Post by Elizabeth Kelly
I love animals, and ever since I was little they have fascinated me. Any shape, size, color, or species sparks my interest. At home, we get so accustomed to the sight of certain animals that we only really notice them when they do something extraordinary. I find a squirrel interesting, but I will really only take time out of my day to notice it if it does something like carrying a whole pizza slice in it’s mouth, because if not it appears just average. When there are 10 deer in my backyard, I may watch for a bit, but they are not as interesting considering they are there almost every day.
Here, the “average” animals are far from average for me. It doesn’t matter what I have to do or where I need to go, if there is a monkey sitting in the tree near me, I’m going to stop and watch it until it decides to move out of my sight. Some of the locals recognize that as foreigners, these average animals are exotic. We saw our first monkey during the first week of Swahili lessons, where a big one dropped from the roof and sat right by the window. Mwalimu (“teacher”) let us take a break to run outside and watch as he swung through the trees to join his friends. The second weekend on the coffee tour, our guide went out of his way to catch a chameleon he had spotted so that we could hold it. It was tiny, but we fussed over it for about thirty minutes. The next time we saw one we were prepared, and picked it up and passed it around as if we did that all the time, but it was still so exciting to have a lizard the size of a stick of gum sit on your shoulder.
As he began to relax, he started getting some of his green color back.
When we ventured to a lodge near Lake Diluti one weekend, we found ourselves surrounded by trees packed with Vervet monkeys. Vervet monkeys are the most common in Tanzania, and I’ve now seen them on a stump near the road, stealing food from the tables of numerous picnic areas and hanging out in trees by the highway, but I still want to see more. This time at the lodge was special, and as we sat in the grass under the trees where they were, we watched mothers jump around with babies clinging to their chests, teenagers play around, a few clean each other, and even one who ventured to the ground to investigate us.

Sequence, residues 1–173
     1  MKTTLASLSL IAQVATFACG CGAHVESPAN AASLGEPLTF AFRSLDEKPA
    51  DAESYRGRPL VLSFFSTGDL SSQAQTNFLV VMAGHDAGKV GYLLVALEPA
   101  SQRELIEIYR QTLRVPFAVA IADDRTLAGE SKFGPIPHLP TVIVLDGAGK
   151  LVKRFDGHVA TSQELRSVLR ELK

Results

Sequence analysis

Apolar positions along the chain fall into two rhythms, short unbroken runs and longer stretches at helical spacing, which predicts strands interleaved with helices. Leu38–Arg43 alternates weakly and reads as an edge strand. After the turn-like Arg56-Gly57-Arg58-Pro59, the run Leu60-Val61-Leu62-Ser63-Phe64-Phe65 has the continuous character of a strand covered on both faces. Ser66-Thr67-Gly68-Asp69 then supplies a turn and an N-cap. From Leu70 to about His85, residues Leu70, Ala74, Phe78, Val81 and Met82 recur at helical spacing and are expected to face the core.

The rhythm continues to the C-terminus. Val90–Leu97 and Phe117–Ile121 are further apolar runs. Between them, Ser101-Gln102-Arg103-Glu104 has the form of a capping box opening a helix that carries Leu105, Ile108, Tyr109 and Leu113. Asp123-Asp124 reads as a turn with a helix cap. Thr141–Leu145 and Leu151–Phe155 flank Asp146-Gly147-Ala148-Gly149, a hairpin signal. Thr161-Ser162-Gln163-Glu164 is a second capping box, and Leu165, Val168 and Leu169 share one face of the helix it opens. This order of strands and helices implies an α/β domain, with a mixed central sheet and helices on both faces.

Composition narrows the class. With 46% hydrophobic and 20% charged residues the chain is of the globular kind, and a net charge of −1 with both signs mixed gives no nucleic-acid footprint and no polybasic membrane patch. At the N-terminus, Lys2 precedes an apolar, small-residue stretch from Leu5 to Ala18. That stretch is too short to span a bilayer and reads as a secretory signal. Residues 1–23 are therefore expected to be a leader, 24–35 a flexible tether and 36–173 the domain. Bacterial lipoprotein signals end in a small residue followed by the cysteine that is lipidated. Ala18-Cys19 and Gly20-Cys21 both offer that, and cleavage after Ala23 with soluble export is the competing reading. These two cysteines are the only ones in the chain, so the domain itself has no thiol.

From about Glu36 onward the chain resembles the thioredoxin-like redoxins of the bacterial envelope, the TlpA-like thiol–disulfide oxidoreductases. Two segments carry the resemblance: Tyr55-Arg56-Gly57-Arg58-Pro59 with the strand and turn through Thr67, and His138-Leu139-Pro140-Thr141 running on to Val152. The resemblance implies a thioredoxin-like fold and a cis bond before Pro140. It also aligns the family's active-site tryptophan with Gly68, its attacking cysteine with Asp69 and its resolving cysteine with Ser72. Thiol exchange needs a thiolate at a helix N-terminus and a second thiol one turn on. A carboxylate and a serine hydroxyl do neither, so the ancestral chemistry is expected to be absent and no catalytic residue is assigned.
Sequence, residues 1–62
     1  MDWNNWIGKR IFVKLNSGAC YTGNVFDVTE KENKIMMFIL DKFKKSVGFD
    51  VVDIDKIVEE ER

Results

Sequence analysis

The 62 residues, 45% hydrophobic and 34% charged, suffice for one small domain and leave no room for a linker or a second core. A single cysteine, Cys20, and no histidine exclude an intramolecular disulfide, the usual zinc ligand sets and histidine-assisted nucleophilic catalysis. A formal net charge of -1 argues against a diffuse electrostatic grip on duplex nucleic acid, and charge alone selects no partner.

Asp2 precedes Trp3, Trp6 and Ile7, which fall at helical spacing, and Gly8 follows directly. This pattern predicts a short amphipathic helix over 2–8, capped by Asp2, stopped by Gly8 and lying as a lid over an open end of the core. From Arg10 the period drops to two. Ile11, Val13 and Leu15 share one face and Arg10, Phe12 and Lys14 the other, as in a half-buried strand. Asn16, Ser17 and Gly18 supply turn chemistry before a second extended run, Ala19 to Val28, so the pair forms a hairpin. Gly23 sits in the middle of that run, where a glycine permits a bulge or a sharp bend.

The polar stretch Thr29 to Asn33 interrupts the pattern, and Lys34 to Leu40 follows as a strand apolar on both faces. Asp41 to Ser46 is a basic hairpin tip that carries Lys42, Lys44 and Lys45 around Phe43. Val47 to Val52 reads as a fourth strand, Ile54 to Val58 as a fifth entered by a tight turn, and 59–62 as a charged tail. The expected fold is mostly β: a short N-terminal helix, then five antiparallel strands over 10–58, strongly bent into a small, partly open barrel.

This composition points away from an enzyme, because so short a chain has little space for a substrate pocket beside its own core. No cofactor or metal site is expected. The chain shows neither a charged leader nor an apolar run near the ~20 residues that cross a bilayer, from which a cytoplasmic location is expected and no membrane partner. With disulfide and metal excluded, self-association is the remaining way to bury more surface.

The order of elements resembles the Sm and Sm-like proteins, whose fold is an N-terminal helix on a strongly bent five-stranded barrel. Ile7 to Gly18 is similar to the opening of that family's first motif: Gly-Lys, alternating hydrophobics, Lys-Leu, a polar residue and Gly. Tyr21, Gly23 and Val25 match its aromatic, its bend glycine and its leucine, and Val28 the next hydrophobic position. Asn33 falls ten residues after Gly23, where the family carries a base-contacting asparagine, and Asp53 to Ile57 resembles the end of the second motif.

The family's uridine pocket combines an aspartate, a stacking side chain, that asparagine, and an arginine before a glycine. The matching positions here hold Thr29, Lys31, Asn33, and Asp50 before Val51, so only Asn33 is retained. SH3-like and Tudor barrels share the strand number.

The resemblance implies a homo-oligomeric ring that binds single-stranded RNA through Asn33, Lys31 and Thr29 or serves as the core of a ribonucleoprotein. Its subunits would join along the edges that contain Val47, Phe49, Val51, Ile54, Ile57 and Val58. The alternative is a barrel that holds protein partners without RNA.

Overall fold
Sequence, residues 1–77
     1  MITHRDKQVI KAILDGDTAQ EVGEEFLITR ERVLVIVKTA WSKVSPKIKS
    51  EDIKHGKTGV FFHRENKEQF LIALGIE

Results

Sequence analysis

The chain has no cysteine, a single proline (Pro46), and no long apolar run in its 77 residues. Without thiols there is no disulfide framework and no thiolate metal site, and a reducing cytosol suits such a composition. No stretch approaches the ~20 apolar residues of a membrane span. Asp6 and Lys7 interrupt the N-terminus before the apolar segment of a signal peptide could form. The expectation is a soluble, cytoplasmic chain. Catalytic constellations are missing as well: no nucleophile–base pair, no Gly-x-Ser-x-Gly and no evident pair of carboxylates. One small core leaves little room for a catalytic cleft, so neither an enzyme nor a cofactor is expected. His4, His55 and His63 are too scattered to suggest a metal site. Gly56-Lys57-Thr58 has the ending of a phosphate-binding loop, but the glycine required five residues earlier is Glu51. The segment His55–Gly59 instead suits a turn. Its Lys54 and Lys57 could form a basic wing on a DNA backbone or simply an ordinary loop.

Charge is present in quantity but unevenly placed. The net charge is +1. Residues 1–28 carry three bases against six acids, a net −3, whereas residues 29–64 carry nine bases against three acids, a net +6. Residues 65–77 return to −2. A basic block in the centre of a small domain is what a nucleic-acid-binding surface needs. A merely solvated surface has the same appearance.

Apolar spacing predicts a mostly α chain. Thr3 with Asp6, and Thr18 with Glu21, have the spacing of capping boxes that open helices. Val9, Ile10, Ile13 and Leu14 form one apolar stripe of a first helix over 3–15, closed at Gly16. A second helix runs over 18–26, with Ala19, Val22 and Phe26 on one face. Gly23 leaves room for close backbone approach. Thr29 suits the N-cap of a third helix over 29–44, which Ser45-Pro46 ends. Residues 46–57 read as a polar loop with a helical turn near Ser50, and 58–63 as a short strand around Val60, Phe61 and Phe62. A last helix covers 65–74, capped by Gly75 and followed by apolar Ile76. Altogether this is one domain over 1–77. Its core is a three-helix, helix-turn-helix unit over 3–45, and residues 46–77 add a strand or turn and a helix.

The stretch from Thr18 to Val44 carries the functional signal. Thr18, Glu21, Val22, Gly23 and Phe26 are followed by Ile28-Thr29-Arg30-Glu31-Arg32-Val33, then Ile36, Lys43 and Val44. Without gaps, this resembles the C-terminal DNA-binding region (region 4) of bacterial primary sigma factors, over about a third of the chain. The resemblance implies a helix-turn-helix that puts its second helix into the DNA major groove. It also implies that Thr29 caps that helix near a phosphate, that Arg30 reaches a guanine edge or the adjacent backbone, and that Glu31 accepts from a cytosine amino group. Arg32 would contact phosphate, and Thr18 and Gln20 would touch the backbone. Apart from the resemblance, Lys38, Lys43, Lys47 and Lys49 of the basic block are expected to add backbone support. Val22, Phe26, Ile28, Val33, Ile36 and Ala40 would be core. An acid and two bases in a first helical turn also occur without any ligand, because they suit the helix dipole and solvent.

The next time we saw these monkeys were on our safari, which obviously involved views of plains and fields of exotic animals. I’ve seen most of them in a zoo, but it is different to see them wild and in their natural habitat. The giraffes and zebras, lions and elephants and hippos were fascinating to everyone there, and it was very special to appreciate them there.
We definitely watched The Lion King after the safari weekend.
Our opportunities to hold different animals did not stop at the chameleon. Looking through pictures on Facebook, many of our photos are of us holding lizards, chicks, snakes and tortoises. I think best of all was the monkey named Chobi that we met in Zanzibar. It only cost us a small donation to “Chobi’s family,” but it was definitely worth it to have the monkey jump from person to person, sometimes stopping to sit and eat the fruit we had given him, or stopping on the boys to try to groom their arm hair. Monkeys are my favorite animals (if you couldn’t tell) and that definitely made my weekend.
Chobi preferred sitting on the tallest in the group.
Although the point of this trip has absolutely nothing to do with animals, it has really become a large aspect of it. Being the biology major that I am, the places I travel to are largely defined to me by the nature in my surroundings. But playing with the monkey, or even marveling over the geckos on our porch roof, has made me realize that there are many things here that are so simple but exotic, beyond average, and are really shaping the experience I have had here. Doing my laundry by hand is quite foreign but amazingly simple. Going to the market and bargaining for the price I want is so easy and not very novel at this point, but I still get the thrill of being in a foreign place and the sense of adventure.
When I go home, I’ll definitely miss these little things. I can do things such as make fresh fruit juice and go find a lizard in my yard, but they won’t have the same impact or impression as doing those things here has. I’ll appreciate the monkeys and chameleons even more, but I also look forward to the squirrels and deer that make the places I go special.